Ms Panagakos, Food and Rationing during WWII, Canadian History
Feeling hungry? Hungry for knowledge?! No? What about a cheeseburger and fries? Or maybe some hummus and toasted pita breads? What about a nice mocha latte, 1% skim with whip and shaved chocolate in a tall mug?
Now what if you were living in Canada between the dates of September 1st 1939 and September 2nd 1945?
Food and Rationing Assignment
Due Date: ____________________
Resources for the Assignment
1. All of what you need to complete the assignment sheet is on this tackk board. In buttons, films, audio clips and more. Look at all of them!
2. Be sure to answer the question. Jot notes are acceptable, but make sure they are clear!
3. Have fun. Look around and explore.
(Video One) This is an American ration clip, from the International Food & Wine Society America.
(Video Two) A clip showing some of the different foods eaten in WWII Canada.
Food on the Home Front during the Second World War
"Canada has determined to change the eating habits of a nation, because she has learned that efficient production of food is only half the victory. It takes efficient consumption, too, to give full meaning to the slogan, ‘Food will win the war."
Food was central to Canadians’ experiences on the home front during the Second World War. This was partly because, as the above quote suggests, the federal government took a series of unprecedented steps aimed at transforming Canadians’ diets. The ubiquitous ration book would ultimately become the most vivid and lasting symbol of these efforts – but rationing was just one part of a much larger set of state interventions into Canada’s kitchens. These included a concerted propaganda campaign to promote certain ‘patriotic’ foods, the wartime launch of an unprecedented national nutrition campaign, and the introduction of literally thousands of individual controls on the price, production, and distribution of everyday foods.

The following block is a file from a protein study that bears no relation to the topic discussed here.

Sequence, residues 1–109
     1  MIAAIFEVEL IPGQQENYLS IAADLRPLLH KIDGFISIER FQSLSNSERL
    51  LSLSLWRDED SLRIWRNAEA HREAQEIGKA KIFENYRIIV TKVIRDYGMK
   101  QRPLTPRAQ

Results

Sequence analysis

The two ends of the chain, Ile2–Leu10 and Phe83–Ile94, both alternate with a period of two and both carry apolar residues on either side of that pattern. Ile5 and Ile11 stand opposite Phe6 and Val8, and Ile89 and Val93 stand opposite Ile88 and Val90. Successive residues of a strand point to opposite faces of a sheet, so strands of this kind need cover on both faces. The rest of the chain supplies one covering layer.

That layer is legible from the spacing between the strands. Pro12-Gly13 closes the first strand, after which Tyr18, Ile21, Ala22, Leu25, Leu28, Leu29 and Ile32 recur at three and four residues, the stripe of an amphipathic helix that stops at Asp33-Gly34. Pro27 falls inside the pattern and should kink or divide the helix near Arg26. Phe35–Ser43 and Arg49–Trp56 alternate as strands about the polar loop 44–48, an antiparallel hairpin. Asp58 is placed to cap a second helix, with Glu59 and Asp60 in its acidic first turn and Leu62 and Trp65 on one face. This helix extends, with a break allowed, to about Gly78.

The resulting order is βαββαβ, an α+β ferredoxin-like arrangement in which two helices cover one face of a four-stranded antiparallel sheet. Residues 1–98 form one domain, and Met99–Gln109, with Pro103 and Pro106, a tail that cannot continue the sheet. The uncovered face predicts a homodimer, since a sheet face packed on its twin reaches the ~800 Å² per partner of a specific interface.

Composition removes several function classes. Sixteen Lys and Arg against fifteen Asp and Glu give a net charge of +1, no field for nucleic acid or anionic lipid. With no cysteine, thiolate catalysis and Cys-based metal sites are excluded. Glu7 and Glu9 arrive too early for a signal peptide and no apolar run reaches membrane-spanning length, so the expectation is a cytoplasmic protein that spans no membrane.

At the heart of the many of the government’s wartime food policies was the need to feed Canada’s overseas allies and soldiers. As Canadians were regularly reminded by propagandists and advertisers alike, food truly was a “weapon of war.” Particularly after the fall of France in June 1940, Canadian food exports provided an essential lifeline to Britain. By the end of the war, it was estimated that Canadian exports accounted for 57 per cent of British wheat and flour consumption – down from its 1941 peak of 77 per cent – as well as 39 per cent of bacon, 15 per cent of eggs, 24 per cent of cheese, and 11 per cent of evaporated milk consumed in Britain. Much of this was achieved through major state intervention on Canadian farms. Between 1940 and 1943, the wheat acreage in the Prairie provinces was reduced by 42 percent through a combination of subsidies, price guarantees, and other controls. Areas sown for agricultural products needed to meet gaps in Canada’s domestic and export requirements like feed grains, on the other hand, increased by 72 percent, flaxseed by 800 percent, and hog marketings by 250 percent over the prewar period.
Early in the war, Canadians were asked to contribute voluntarily to Canada’s food export commitments by avoiding foods that were needed in Britain and by consuming more Canadian foods whose European export markets had disappeared and were, therefore, threatening farmers and fishermen with massive unused surpluses. Apples and lobster were two of the earliest foods to be rebranded as “patriotic” after the export markets for both products collapsed. In December 1939, for instance, the Department of Agriculture began running glossy advertisements with the message: “Serve apples daily and you serve your country too.” Magazines such as Canadian Home Journal repeated such messages by publishing articles with titles like “It’s Patriotic and Pleasant to Eat Canadian Lobster” and which included recipes for patriotic dishes like Lobster Cocktail, Lobster à la King, and Lobster Sandwiches.